The Sea Watchers

Mark DeCarteret

Between white caps tamed into form
and tidal grasses plugged into place
we’ll opt for spaces unmated to gesture.
No, we haven’t been us, never mind, you or me,
this, the kind of light, rid of weekend frivolity,
fired up from that original ring in this direst grip,
the kind of light even Hopper wouldn’t pose us.
Something worms up out tomorrow to hand-signal us.
Is it those words I lack breath for or haven’t once risked
or the eulogized blue of a Provincetown sky?
A bittern tries to blend in with what’s left of dusk,
forgoing, just this once, its diet of retro-browns, rust.
I try to capture its beak with a stiffened wrist
and with that failing lift the first one I see on the internet.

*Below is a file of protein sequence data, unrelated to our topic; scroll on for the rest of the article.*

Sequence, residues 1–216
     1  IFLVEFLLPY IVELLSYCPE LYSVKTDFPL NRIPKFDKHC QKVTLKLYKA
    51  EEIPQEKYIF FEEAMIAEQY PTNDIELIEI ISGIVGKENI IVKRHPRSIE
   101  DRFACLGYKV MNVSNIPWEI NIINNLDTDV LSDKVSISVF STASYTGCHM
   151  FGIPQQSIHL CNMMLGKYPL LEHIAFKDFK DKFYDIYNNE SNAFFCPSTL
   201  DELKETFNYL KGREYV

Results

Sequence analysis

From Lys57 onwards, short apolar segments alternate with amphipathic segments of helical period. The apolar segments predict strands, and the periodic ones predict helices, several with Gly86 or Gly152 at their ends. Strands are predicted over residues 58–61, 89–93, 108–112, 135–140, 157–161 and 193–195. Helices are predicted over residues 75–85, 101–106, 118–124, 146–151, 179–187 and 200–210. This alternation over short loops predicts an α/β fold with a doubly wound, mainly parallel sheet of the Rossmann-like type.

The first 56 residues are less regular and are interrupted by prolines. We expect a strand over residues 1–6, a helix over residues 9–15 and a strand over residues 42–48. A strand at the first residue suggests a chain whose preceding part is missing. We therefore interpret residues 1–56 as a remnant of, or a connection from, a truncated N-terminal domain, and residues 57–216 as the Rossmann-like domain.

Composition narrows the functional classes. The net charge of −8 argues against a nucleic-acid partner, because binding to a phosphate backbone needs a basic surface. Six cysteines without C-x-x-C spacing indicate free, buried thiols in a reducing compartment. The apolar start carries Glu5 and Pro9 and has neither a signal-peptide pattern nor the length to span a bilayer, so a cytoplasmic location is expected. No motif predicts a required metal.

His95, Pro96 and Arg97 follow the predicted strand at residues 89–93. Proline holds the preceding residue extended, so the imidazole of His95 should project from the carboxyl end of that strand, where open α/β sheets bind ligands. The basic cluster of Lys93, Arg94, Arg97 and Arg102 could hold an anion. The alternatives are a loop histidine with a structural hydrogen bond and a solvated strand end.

Another mansion stammers out towards the bluff
as if it can see in its own picture windows
the same masterworks, ego, as Nature.
What in God’s name ever drew us here?
How this backdrop can’t be bothered to preen, go in
for re-fittings, instead always, training on silences, fasting?
A kingfisher is shivering on the edge of a shed,
so in-time it looks rigged-up, attuned to our desires.
You ask if in this vastness some permanence might be
starved out. Never, I say. As if I knew
the first thing about preservation.